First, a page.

Electricity Provision and Tax Mobilization in Africa
    (World Bank, Washington, DC, 2018-04) Mensah, Justice Tei; Blimpo, Moussa; Opalo, K. Ochieng’; Shi, Ruifan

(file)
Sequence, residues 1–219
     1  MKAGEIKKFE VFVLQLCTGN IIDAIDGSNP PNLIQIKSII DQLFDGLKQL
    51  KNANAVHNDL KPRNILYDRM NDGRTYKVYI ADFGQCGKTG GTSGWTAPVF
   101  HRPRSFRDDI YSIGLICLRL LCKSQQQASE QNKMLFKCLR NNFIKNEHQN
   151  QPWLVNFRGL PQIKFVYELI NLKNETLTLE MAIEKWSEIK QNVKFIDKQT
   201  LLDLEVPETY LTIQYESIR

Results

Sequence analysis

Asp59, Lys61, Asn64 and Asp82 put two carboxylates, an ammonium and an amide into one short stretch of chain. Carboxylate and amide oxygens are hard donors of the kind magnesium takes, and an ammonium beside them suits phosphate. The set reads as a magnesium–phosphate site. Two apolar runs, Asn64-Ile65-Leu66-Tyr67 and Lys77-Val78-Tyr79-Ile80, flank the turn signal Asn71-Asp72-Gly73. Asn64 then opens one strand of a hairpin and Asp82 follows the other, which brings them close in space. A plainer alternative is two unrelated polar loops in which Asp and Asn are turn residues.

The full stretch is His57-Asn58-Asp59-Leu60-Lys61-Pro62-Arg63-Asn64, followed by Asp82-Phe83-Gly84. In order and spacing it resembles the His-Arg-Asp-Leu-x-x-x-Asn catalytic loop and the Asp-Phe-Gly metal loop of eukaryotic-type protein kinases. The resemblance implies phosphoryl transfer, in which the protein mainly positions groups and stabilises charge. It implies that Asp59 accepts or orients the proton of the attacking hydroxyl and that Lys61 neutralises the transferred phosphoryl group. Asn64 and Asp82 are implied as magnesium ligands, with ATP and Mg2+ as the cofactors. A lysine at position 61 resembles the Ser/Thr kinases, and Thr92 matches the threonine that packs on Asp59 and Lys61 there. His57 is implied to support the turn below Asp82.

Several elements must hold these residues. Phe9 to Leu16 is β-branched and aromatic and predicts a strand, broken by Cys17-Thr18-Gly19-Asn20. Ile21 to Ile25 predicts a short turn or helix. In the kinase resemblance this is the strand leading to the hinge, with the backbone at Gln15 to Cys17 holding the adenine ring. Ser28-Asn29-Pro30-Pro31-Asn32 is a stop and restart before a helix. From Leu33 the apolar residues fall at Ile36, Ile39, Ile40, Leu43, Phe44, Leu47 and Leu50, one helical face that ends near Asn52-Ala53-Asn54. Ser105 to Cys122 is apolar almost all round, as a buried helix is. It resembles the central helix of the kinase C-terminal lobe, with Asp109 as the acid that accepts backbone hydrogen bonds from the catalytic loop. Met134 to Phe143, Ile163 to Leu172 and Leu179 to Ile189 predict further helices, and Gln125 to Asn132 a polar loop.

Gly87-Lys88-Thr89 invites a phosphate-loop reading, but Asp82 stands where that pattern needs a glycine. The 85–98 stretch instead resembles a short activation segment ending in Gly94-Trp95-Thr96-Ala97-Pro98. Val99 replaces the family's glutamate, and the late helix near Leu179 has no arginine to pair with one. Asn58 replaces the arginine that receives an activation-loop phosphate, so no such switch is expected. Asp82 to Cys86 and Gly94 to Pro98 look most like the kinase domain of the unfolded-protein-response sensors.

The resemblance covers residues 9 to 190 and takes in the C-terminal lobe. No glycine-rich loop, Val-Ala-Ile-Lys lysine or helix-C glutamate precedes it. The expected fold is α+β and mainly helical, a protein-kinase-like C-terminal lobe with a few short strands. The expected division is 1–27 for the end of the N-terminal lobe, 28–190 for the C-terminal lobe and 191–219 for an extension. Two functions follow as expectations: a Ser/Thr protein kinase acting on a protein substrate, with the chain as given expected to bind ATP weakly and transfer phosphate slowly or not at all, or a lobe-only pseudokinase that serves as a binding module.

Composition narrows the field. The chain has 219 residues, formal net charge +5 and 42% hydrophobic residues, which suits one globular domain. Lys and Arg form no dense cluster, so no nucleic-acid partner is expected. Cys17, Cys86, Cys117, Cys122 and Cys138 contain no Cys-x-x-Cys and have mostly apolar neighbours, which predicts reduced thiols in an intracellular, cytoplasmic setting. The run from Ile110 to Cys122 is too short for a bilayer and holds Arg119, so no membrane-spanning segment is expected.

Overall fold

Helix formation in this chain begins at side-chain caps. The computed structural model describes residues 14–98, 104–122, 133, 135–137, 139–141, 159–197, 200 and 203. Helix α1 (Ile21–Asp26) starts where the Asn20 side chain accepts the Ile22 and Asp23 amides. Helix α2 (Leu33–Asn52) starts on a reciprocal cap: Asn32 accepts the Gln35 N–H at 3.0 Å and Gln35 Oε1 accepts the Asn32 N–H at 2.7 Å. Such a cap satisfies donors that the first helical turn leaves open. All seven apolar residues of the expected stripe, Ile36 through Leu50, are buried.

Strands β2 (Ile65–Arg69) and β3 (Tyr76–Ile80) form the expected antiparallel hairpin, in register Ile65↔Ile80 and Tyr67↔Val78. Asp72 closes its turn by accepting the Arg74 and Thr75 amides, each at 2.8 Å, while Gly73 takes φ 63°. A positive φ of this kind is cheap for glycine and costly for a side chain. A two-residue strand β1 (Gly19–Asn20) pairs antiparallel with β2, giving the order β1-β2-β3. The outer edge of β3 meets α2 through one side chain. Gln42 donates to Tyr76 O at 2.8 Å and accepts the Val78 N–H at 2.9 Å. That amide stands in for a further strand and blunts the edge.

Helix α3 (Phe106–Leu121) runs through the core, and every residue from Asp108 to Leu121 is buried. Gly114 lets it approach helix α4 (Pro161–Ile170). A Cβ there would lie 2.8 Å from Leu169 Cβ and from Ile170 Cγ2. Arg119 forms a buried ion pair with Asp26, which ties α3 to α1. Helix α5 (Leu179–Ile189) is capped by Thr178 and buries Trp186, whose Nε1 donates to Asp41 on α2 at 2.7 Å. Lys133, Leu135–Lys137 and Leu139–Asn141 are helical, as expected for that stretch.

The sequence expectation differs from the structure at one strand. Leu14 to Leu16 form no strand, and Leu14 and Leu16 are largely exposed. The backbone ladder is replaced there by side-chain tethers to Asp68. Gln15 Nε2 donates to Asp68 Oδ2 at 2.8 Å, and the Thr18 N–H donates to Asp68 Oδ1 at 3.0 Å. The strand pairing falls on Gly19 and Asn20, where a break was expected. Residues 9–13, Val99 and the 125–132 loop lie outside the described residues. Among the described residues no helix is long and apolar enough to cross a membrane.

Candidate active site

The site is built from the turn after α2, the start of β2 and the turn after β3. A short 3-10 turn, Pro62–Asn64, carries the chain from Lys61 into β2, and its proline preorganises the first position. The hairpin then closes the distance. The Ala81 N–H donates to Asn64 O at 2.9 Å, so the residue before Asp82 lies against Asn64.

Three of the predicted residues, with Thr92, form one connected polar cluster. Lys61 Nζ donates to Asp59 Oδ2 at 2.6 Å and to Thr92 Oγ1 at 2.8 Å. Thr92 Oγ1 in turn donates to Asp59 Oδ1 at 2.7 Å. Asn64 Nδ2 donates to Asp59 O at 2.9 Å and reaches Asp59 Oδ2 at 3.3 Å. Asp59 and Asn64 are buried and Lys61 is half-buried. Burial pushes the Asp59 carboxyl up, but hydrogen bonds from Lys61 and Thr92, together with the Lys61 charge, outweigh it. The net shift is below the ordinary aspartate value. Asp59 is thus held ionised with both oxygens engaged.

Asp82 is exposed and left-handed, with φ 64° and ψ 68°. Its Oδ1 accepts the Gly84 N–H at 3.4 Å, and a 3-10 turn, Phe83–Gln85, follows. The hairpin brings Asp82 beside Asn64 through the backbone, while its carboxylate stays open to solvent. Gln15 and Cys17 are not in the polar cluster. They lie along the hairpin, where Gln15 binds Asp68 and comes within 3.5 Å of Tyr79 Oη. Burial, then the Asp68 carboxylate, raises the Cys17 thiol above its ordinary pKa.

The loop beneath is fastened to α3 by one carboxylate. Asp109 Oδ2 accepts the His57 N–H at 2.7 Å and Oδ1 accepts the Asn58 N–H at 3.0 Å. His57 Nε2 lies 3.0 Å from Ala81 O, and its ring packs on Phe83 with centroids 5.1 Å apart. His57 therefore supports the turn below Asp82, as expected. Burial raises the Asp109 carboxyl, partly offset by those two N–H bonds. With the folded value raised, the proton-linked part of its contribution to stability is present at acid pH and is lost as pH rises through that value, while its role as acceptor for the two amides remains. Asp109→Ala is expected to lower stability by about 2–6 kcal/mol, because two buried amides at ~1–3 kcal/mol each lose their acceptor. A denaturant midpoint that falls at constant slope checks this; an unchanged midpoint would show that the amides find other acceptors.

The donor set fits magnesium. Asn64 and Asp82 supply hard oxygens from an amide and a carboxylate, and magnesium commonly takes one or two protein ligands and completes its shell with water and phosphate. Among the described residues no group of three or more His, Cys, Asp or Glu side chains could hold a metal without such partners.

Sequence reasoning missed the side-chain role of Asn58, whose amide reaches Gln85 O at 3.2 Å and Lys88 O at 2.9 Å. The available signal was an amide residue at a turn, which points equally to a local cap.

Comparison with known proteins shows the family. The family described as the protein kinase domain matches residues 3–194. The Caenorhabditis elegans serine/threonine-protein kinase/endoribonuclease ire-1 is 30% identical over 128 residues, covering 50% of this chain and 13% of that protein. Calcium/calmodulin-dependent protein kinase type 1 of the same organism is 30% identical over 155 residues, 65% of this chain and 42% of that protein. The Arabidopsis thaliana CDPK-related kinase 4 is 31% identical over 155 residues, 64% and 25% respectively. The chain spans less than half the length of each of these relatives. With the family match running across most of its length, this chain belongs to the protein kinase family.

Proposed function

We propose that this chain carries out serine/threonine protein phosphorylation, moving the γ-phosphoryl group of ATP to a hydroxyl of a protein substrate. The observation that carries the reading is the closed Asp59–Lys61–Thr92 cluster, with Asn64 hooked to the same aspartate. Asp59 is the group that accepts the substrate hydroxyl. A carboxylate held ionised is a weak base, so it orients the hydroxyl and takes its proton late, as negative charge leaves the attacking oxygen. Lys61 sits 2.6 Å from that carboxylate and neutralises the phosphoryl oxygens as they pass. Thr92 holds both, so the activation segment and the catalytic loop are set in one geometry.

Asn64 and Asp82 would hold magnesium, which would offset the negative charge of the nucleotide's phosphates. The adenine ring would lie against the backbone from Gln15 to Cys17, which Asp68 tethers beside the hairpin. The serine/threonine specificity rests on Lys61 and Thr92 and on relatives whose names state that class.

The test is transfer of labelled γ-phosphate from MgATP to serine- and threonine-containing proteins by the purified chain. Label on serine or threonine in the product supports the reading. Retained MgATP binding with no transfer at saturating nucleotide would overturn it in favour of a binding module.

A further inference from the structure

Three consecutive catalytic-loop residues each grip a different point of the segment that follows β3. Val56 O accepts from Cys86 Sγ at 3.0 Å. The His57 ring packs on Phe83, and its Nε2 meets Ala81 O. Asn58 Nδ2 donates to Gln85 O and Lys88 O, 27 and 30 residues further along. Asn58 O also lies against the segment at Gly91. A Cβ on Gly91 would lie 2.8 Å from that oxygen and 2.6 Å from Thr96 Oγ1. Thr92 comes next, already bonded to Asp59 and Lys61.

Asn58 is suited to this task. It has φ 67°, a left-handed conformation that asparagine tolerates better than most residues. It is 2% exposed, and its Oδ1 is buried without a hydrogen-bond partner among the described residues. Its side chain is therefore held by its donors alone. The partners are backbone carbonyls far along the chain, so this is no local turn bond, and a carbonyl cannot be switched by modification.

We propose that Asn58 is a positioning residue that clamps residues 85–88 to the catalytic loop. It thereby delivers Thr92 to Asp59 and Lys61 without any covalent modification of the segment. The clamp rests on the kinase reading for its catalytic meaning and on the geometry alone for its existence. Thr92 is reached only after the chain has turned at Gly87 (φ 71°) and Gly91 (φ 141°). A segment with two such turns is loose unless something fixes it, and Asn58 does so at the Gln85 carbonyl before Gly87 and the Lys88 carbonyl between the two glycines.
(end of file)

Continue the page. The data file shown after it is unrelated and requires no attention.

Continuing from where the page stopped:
This paper provides evidence on how the provision of social infrastructure, such as reliable electricity, can be leveraged to increase taxation in developing countries, particularly in Sub-Saharan Africa. First, using comprehensive data from the latest round of the Afrobarometer survey, the paper uses the instrumental variable approach to estimate the effect of access to and reliability of electricity on the tax compliance attitudes of citizens in 36 countries in Sub-Saharan Africa. The evidence shows a significant positive effect of electrification on tax compliance attitudes, with potentially strong externalities. The analysis also finds that the reliability of supply is crucial in explaining the impact of electricity access on attitudes toward taxes. Second, the paper provides suggestive evidence on national identity as one channel driving this impact. Access to social amenities such as electricity induces a sense of national identity among citizens, thereby incentivizing them to contribute, through taxes, toward the functioning of the state. Third, using data from the most recent World Bank Enterprise Surveys and under conservative assumptions, the paper estimates that countries in the region could in total generate additional tax revenues of more than $9.5 billion (4.3 percent of total tax revenue) per year solely by resolving issues related to electricity shortages. Put together, the paper concludes that the financial returns associated with public investments toward improving access to and reliability of electricity are substantial and could be harnessed to augment the financing gap in the sector.